RoboChamps Strange loop A strange loop arises when, by moving only upwards or downwards through a hierarchical system, one finds oneself back to where one started. Strange loops may involve self-reference and paradox. The concept of a strange loop was proposed and extensively discussed by Douglas Hofstadter in Gödel, Escher, Bach, and is further elaborated in Hofstadter's book I Am a Strange Loop, published in 2007. A tangled hierarchy is a hierarchical consciousness system in which a strange loop appears. Definitions[edit] A strange loop is a hierarchy of levels, each of which is linked to at least one other by some type of relationship. In I Am a Strange Loop, Hofstadter defines strange loops as follows: In cognitive science[edit] Hofstadter argues that the psychological self arises out of a similar kind of paradox. Strangeness[edit] Downward causality[edit] Hofstadter claims a similar "flipping around of causality" appears to happen in minds possessing self-consciousness. Examples[edit] See also[edit] Tanenbaum, P.

untitled Introduction Robert Monroe developed and patented a binaural-beat technology called the Hemi-Sync auditory-guidance system. The Monroe Institute, a 501c(3) nonprofit research and educational organization, uses this Hemi-Sync system within an educational process. Ancient cultures used the natural power of sound and music to safely influence states of consciousness in religious ceremonies and to promote psychological and physical health. Hemi-Sync has also proven effective in producing enriched learning environments, enhanced memory (Kennerly 1994), improved creativity (Hiew 1995), increased intuition, improved reliability in remote viewing [3] (McMoneagle 1993), telepathy [4], and out-of-body experience [5]. Binaural Beats and The Physiology of the Brain Binaural beats were discovered in 1839 by a German experimenter, H. There have been numerous anecdotal reports and a growing number of research efforts reporting beneficial brain-state changes associated with Hemi-Sync's binaural beats.

Horticulture :: Greenhouse cultivation 1. Designs and classification of greenhouse 2. Orientation Of Greenhouse / Polyhouse 3. Components of green house 4. Plant growing structures/containers in green house production 5. 1. Greenhouses are frames of inflated structure covered with a transparent material in which crops are grown under controlled environment conditions. Classification of greenhouse based on suitability and cost a) Low cost or low tech greenhouse Low cost greenhouse is a simple structure constructed with locally available materials such as bamboo, timber etc. Carnation under low cost greenhouse b) Medium-tech greenhouse Greenhouse users prefers to have manually or semiautomatic control arrangement owing to minimum investment. c) Hi-tech greenhouse To overcome some of the difficulties in medium-tech greenhouse, a hi-tech greenhouse where the entire device, controlling the environment parameters, are supported to function automatically. Cost involved 1. 2. 3. Classification as per type of structure a. Top 2. 3.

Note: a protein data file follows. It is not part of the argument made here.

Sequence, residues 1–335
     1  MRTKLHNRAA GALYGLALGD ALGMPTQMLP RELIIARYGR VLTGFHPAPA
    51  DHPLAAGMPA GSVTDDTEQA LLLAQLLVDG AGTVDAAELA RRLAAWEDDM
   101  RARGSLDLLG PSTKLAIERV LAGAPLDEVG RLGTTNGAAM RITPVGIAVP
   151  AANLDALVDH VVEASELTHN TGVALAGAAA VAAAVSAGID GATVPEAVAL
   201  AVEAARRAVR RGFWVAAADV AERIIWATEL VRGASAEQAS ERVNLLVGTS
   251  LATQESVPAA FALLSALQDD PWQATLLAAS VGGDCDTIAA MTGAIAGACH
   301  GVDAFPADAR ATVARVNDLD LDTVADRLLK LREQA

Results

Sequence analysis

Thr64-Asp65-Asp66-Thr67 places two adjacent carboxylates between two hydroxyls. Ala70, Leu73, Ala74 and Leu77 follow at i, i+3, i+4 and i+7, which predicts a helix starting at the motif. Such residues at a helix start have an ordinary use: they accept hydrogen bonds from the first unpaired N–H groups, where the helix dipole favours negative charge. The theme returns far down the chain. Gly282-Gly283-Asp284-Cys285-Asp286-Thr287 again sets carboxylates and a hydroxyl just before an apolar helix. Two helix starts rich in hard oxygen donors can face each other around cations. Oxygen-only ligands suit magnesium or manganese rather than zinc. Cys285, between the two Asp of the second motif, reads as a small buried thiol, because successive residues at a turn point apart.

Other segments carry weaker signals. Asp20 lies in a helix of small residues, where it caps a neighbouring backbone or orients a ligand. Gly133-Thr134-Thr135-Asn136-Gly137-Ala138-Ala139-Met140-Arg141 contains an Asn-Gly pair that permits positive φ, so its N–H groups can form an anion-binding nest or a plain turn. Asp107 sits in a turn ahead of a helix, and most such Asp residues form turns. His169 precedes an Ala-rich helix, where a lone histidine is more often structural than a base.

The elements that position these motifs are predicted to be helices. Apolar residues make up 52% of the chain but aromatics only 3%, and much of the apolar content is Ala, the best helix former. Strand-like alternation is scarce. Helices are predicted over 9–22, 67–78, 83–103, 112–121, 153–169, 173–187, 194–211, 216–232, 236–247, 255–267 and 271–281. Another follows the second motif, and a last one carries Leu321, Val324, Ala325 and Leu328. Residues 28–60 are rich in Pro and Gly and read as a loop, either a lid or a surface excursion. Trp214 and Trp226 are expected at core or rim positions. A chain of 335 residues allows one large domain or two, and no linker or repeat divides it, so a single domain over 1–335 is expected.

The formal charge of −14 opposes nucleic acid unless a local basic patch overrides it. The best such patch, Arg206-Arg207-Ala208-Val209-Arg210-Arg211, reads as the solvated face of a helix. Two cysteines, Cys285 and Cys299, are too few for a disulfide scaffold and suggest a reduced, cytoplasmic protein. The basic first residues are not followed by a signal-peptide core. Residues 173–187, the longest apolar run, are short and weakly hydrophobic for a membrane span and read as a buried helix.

Boids In 1986 I made a computer model of coordinated animal motion such as bird flocks and fish schools. It was based on three dimensional computational geometry of the sort normally used in computer animation or computer aided design. I called the generic simulated flocking creatures boids. Each boid has direct access to the whole scene's geometric description, but flocking requires that it reacts only to flockmates within a certain small neighborhood around itself. a boid's neighborhood A slightly more elaborate behavioral model was used in the early experiments. In cooperation with many coworkers at the Symbolics Graphics Division and Whitney / Demos Productions, we made an animated short featuring the boids model called Stanley and Stella in: Breaking the Ice. Since 1987 there have been many other applications of the boids model in the realm of behavioral animation. A significant property of life-like behavior is unpredictability over moderate time scales. Software Boids C++ Boids Buzzz!